Restore notes and restrictions

Article:HOWTO44420  |  Created: 2011-03-15  |  Updated: 2011-03-22  |  Article URL http://www.symantec.com/docs/HOWTO44420
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Restore notes and restrictions

This topic relates to restores from a NetBackup backup of a VMware virtual machine.

Before you begin the restore, note the following:

  • Unless a NetBackup client is installed on the virtual machine, you must do the restore from the NetBackup master server.

  • To restore files to the original virtual machine location, the destination must be specified as the virtual machine's host name (not display name or UUID).

  • Cross-platform restore is not supported. You can restore Windows files to Windows guest operating systems but not to Linux. You can restore Linux files to supported Linux guest operating systems but not to Windows.

  • If the virtual machine was backed up by its display name or UUID, and the display name differs from the host name, note: You must specify the correct destination client for the restore. Use the Specify NetBackup Machines and Policy Type dialog in the NetBackup Backup, Archive, and Restore interface.

    See Invalid client error when you restore files using NetBackup BAR interface installed on the virtual machine.

  • Restore of individual files from a backup of the full virtual machine is not supported if the virtual machine contains Storage Foundation Volume Manager volumes.

  • To restore Windows NTFS-encrypted files individually, you must install a NetBackup client on the virtual machine.

    See NetBackup for VMware best practices.

  • For virtual machine restores, VMware supports the NBDSSL transfer type only for vStorage backups of vSphere 4.1 and later environments. Backups of VMware systems that are earlier than vSphere 4.1 cannot be restored using the NBDSSL transfer type.

  • If the attempt to restore a full virtual machine fails while using the SAN transport type, try the NBD transport type instead.

  • For the SAN transfer type, the job may be slow when you restore to a vCenter Server. For greater speed, designate an ESX server as the destination for the restore.

    Note that you can set up an ESX server to be used for restores. You can add NetBackup restore credentials for that ESX server by means of the VMware restore ESX server server type.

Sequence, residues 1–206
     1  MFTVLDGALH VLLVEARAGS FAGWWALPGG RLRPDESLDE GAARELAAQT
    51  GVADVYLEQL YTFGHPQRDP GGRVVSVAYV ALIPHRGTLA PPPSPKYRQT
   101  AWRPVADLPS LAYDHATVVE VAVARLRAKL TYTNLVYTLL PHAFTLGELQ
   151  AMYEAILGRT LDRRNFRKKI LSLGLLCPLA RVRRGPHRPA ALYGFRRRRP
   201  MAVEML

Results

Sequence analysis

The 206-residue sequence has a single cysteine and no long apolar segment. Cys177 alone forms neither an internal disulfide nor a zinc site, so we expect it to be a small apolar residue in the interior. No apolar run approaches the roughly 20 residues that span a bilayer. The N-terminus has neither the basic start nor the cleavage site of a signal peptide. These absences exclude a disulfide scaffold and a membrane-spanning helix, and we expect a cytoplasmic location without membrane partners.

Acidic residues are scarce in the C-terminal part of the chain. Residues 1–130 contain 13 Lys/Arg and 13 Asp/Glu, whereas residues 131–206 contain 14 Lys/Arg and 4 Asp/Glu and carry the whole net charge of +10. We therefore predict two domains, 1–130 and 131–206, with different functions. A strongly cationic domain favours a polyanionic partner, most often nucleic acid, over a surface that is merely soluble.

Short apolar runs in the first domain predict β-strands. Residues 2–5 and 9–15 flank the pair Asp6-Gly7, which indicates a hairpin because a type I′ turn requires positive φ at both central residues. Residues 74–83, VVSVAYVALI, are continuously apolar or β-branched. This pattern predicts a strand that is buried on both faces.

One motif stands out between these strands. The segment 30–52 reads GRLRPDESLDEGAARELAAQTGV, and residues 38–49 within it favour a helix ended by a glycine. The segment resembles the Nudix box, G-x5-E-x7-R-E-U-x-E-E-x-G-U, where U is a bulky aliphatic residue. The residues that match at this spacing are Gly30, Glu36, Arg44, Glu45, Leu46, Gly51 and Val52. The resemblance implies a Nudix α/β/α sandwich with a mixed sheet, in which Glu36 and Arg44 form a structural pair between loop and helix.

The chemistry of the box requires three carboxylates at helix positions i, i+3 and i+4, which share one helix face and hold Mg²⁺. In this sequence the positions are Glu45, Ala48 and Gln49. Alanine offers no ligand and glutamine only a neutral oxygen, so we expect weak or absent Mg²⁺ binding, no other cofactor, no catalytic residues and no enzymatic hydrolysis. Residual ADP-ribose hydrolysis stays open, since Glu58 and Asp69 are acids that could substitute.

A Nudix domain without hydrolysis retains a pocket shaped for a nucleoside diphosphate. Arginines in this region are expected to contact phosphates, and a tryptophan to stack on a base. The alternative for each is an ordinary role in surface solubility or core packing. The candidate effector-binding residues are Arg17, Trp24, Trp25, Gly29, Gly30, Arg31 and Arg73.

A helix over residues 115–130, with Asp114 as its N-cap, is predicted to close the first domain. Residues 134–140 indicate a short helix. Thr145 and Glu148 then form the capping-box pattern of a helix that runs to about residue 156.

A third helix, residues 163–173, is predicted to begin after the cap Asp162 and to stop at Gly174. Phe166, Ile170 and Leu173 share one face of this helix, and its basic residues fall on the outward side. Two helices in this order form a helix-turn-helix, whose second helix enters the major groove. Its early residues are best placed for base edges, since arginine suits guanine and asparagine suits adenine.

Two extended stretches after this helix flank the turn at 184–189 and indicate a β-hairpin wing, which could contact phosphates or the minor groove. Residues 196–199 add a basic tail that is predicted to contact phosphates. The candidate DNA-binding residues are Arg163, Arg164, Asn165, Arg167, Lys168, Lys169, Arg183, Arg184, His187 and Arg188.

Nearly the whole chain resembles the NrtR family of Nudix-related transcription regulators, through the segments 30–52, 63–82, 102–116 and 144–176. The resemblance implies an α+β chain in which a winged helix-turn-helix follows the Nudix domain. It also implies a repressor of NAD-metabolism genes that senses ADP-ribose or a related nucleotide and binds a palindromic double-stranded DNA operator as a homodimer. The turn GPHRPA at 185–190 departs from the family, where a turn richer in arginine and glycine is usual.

See Adding NetBackup credentials for VMware.

  • A restore by means of the SAN transfer type may be slow in other circumstances. The following VMware article provides details:

    Best practices when using SAN transport for backup and restore

  • If the restore host is on Windows Server 2008 and you use the SAN transfer type for the restore, the SAN luns must be online. Refer to the information on status code 5 in the following section:

    See NetBackup status codes related to VMware.

  • When restoring large files, make sure that no snapshots are active on the destination virtual machine. Otherwise, the files are restored to the VMware configuration datastore, which may be too small to contain the files you want to restore. In that case, the restore fails.

    The configuration datastore (sometimes called the vmx directory) contains the configuration files that describe the virtual machine, such as *.vmx files. Note that active snapshots of vmdk files are also stored on the configuration datastore.

  • If you cancel the virtual machine restore before it completes, the not-fully-restored virtual machine remains at the target location. NetBackup does not delete the incomplete virtual machine when the restore job is canceled. You must manually remove the incomplete virtual machine.

  • If the virtual machine display name contains non-ASCII characters, the backup may succeed but the restore fails. To restore the virtual machine, you must change the display name to contain ASCII characters only and retry the restore.

  • During a virtual machine restore, VMware Tools can add a disk controller prefix to the name of each restored .vmdk file. The prefix can be useful when debugging problems with the restore.

    See Adding a disk controller prefix to the restored vmdk file name.

  • See NetBackup for VMware: notes and restrictions.

See Restore notes and restrictions on Linux

See If the recovery host is not at the same NetBackup release level as the backup host


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